Supermassive black holes are a bit like cats – they are either napping or they are eating. Unlike cats, they also “burp”, releasing energy after their meals. Astronomers now have spotted a nearby supermassive black hole that has gone through the nap-eat-burp cycle twice in less than 100,000 years.
In a paper published in the Astrophysical Journal, researchers report details of the active nucleus of galaxy SDSS J1354+1327, J1354 for short, located 900 million light-years from Earth. J1354 is orbited by a larger companion galaxy, and the interaction between the two is making material swirl towards the supermassive black hole and push it into its active quasar phase.
“We are seeing this object feast, burp and nap, and then feast, burp and nap once again, which theory had predicted,” lead author Professor Julia Comerford of CU Boulder said in a statement. “Fortunately, we happened to observe this galaxy in a moment where we could clearly see both events.”
The team used two space telescopes (Hubble and X-ray observatory Chandra) and two ground-based facilities (W.M. Keck Observatory in Hawaii and the Apache Point Observatory in New Mexico) to characterize the object.
With this data, the team was able to establish that two signatures – one on the north side and one on the south side of the galaxies – were from the supermassive black hole and they didn’t happen at the same time. The older emission happened about 1 million years before what we see in the galaxy now.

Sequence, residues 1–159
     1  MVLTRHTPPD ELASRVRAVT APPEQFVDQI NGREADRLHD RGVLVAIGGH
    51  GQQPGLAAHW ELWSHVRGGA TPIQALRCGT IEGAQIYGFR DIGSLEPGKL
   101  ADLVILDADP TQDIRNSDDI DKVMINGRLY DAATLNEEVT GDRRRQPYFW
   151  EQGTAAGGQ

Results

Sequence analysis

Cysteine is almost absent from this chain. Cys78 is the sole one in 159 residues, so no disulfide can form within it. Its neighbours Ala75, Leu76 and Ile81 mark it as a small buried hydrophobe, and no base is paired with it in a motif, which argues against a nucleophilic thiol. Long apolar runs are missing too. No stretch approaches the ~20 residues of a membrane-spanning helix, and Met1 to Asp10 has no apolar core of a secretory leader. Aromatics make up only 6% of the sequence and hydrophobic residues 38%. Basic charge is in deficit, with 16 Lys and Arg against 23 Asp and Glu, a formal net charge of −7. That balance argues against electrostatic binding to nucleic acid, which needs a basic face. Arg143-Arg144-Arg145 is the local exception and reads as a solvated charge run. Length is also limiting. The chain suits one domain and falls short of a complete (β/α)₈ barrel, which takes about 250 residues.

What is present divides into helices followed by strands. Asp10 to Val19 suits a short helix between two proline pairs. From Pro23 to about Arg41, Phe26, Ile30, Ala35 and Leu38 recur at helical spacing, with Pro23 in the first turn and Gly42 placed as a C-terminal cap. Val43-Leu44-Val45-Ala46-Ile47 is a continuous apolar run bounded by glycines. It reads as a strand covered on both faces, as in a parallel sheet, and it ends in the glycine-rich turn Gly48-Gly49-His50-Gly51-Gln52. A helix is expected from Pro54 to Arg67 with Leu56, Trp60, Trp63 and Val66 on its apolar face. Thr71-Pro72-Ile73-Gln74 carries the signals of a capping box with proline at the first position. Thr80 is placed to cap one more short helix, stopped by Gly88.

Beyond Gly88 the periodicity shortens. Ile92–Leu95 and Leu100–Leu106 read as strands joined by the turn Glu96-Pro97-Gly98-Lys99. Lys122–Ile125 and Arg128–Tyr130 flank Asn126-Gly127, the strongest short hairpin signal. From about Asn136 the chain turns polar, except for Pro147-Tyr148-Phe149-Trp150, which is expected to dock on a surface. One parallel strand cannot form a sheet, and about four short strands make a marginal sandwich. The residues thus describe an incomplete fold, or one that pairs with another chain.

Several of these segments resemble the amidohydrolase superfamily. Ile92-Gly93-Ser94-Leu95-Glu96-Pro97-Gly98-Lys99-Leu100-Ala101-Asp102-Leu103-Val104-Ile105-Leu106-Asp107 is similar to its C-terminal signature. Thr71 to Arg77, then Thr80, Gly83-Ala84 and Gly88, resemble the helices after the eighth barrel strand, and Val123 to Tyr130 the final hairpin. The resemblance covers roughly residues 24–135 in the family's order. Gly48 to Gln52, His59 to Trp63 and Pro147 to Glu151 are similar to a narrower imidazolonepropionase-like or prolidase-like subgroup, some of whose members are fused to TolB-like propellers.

“This galaxy really caught us off guard,” explained Rebecca Nevin, a CU Boulder doctoral student and study co-author. “We were able to show that the gas from the north part of the galaxy was consistent with an advancing edge of a shock wave, and the gas from the south was consistent with an older quasar outflow.”
The Chandra observations highlight how intense a supermassive black hole can get. The dust and gas falling towards the black hole are heated to millions of degrees and this hot material ends up shrouding the black hole.
The occasional emission from the black hole helps us understand how these leviathans of the cosmos work. They might not be extremely common, but they are not exactly exotic. Even our own Milky Way and its dormant supermassive black hole had some activity in the past.